Commemorating the Freedom Seekers
Niagara Falls, New York, is known to tourists and locals alike thanks to its natural wonder, state park, and family-fun activities. In a city famous for its long-standing attractions, Ally Spongr, B.F.A. ’12, and her small team were tasked with opening the first new Niagara Falls cultural attraction in over 35 years.
“It’s our job to commemorate the freedom seekers and abolitionists who weren’t necessarily famous like Frederick Douglass or Harriet Tubman, but who played a pivotal role in the activity of the Underground Railroad that happened exactly where we stand today,” said Spongr, who is director and curator of the Underground Railroad Heritage Center in Niagara Falls. “Our goal always has been to showcase the everyday individual.”
The Heritage Center, which opened in May 2018, is an immersive museum located in the former U.S. Custom House, built in 1863. It features historical interpretations, interactive displays, and artifacts from Underground Railroad activity in Niagara Falls.
Engaging with Visitors
“You can engage visitors by working through a historical lens,” Spongr said. “The stories of the past can turn into conversations about how those legacies unfold today. We also have a critical responsibility to highlight contemporary issues and to connect the past to the present.”
Many tourists—and even local residents—were unaware of the key role Niagara Falls played in the Underground Railroad, according to Spongr. The Niagara River served as a critical gateway from the United States to Canada on the secret network of routes and safe havens that helped guide enslaved African Americans to freedom.
“It was often easier to travel across the Niagara River than Lake Erie or Lake Ontario,” Spongr said. “When freedom seekers reached customs at the Canadian border, they could cross without identification or being questioned.”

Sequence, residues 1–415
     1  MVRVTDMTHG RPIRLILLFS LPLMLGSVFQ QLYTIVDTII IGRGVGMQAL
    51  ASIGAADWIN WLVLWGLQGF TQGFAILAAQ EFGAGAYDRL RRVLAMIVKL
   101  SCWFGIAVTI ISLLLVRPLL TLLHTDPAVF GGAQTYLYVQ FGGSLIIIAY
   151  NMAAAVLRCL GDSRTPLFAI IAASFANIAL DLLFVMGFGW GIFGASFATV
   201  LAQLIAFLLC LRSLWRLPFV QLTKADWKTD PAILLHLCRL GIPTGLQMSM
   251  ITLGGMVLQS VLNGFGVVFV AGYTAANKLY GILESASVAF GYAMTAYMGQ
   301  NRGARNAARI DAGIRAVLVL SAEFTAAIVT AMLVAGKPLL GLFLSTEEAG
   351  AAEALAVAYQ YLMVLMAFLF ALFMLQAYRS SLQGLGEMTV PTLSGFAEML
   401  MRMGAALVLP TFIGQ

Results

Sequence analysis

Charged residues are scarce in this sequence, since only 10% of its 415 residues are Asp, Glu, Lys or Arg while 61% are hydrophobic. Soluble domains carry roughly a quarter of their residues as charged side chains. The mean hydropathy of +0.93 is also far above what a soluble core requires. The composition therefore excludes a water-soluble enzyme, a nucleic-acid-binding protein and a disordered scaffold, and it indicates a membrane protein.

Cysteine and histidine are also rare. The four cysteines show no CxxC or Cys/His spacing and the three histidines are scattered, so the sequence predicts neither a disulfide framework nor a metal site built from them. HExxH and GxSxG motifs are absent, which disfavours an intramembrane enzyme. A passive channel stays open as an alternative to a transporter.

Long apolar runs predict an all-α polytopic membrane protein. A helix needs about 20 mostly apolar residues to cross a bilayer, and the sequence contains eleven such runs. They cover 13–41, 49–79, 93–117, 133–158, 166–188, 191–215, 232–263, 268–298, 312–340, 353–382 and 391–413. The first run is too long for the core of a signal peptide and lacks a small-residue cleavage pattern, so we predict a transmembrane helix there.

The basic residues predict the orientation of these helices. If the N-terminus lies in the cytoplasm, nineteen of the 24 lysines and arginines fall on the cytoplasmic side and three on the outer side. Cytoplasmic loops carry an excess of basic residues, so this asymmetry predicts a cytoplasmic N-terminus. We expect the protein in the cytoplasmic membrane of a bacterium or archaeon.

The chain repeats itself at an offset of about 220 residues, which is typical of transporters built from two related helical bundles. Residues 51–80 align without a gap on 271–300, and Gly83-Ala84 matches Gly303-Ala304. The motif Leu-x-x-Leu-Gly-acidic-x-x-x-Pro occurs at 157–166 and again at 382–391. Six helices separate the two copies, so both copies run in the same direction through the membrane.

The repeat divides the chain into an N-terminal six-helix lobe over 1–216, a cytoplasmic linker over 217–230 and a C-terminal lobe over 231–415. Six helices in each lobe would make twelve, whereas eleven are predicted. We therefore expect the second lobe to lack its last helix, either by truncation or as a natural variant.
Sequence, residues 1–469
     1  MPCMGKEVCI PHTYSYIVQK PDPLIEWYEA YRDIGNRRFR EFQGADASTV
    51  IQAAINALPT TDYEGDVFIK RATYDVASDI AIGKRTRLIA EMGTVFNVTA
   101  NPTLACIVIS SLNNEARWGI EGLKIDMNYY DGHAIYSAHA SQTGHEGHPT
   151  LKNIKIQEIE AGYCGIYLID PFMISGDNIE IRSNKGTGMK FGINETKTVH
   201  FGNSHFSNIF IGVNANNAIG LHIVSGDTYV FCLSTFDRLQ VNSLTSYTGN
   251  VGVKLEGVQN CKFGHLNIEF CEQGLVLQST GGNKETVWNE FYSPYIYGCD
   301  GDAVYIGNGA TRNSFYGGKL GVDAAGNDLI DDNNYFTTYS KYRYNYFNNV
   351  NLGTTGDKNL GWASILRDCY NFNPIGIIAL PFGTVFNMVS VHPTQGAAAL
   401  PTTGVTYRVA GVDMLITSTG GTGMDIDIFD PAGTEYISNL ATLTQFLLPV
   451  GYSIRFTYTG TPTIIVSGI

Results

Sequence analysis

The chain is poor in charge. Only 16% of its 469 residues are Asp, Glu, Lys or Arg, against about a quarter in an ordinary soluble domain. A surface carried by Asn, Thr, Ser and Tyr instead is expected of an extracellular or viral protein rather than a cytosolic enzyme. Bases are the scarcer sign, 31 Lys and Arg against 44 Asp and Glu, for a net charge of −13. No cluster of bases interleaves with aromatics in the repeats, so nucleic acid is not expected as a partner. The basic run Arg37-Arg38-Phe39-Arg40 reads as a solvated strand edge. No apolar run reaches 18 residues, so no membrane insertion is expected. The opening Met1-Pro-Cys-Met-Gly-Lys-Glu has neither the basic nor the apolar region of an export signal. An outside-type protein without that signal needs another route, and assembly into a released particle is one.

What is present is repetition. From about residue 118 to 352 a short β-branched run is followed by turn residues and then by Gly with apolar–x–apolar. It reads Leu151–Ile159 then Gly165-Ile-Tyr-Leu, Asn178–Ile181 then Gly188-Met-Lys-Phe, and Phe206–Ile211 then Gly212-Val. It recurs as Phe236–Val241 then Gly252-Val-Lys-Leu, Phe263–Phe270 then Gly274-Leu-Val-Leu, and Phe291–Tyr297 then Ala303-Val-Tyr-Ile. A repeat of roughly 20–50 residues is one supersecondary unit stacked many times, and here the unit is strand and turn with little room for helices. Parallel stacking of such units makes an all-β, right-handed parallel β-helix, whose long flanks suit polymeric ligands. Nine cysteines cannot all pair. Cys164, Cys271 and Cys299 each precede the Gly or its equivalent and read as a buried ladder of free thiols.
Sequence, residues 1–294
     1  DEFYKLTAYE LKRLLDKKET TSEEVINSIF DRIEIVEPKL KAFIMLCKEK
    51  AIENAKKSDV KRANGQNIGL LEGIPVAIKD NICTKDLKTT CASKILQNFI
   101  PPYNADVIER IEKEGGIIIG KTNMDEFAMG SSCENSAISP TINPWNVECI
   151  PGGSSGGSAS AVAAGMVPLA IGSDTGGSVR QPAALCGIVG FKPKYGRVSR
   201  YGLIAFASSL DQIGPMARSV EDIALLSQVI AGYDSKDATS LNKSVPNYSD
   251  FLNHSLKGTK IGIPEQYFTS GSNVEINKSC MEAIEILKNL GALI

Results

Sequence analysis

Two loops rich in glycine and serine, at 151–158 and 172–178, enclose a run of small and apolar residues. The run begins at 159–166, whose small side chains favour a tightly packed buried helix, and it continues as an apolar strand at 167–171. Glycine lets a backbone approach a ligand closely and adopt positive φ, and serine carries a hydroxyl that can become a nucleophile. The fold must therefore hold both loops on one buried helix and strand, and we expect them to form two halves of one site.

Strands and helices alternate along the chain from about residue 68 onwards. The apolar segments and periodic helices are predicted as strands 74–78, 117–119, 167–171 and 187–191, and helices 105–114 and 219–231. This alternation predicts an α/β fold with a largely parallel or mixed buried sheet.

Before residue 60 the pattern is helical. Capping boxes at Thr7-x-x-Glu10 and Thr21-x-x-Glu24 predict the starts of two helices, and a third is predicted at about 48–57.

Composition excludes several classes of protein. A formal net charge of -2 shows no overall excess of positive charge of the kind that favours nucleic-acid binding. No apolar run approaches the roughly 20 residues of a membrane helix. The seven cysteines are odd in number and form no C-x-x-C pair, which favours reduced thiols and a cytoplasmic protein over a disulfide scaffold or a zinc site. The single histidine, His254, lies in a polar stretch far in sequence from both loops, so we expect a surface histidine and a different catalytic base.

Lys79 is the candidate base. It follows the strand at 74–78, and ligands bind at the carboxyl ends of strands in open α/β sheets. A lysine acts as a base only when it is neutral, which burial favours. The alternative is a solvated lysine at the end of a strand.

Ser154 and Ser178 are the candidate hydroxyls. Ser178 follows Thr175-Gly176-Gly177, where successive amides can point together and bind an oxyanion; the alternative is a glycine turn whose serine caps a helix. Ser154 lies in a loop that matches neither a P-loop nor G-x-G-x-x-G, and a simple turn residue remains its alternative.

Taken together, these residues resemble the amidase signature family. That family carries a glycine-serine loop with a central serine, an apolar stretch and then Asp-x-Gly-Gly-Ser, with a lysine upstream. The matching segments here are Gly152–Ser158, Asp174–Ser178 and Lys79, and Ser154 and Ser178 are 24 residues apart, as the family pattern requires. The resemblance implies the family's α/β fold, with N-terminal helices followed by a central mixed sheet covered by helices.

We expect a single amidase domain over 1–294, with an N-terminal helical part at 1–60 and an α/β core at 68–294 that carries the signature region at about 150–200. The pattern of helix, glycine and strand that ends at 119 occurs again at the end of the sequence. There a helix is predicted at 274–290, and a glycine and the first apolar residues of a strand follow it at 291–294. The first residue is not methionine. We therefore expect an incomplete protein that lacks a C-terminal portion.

Visitors to the Heritage Center meet several “characters” on their journey, she said.
“The characters are based on real people who lived and worked in Niagara Falls in the late 1800s. We wanted to help shift the traditional slave narrative to one of self-agency, to showcase how ordinary people had the courage to risk death daily for freedom, to be able to work for a living wage, and to own property.”
"It’s been a lot of work, but so rewarding to see the museum go from ideation to reality.”
Wearing a Lot of Hats
In 2015 Spongr was hired as a project coordinator for the Niagara Falls National Heritage Area, an area designated by Congress in 2008 that includes the communities of Niagara Falls, Youngstown, and Lewiston. The Heritage Area spans from Niagara Falls to Old Fort Niagara and has profound cultural and natural significance to American history.
Spongr assumed the director role in fall 2016. Her current position is split between overseeing the Heritage Center and developing new programs for the Heritage Area.
“I can wear pretty much any hat,” she said.
Although a community coalition created the vision for the Heritage Center over a decade ago, Spongr said, the design-build phase of the museum was relatively short.
“We worked under an aggressive timeline, from starting construction in January 2016 to the opening in spring 2018. It’s been a lot of work, but so rewarding to see the museum go from ideation to reality. We don’t have one goal or expectation for our visitors. Our hope is that they connect the past to the present with their own perspective and life experience,” she said. “Ultimately, we want visitors to take some action, no matter how small, to hopefully create change."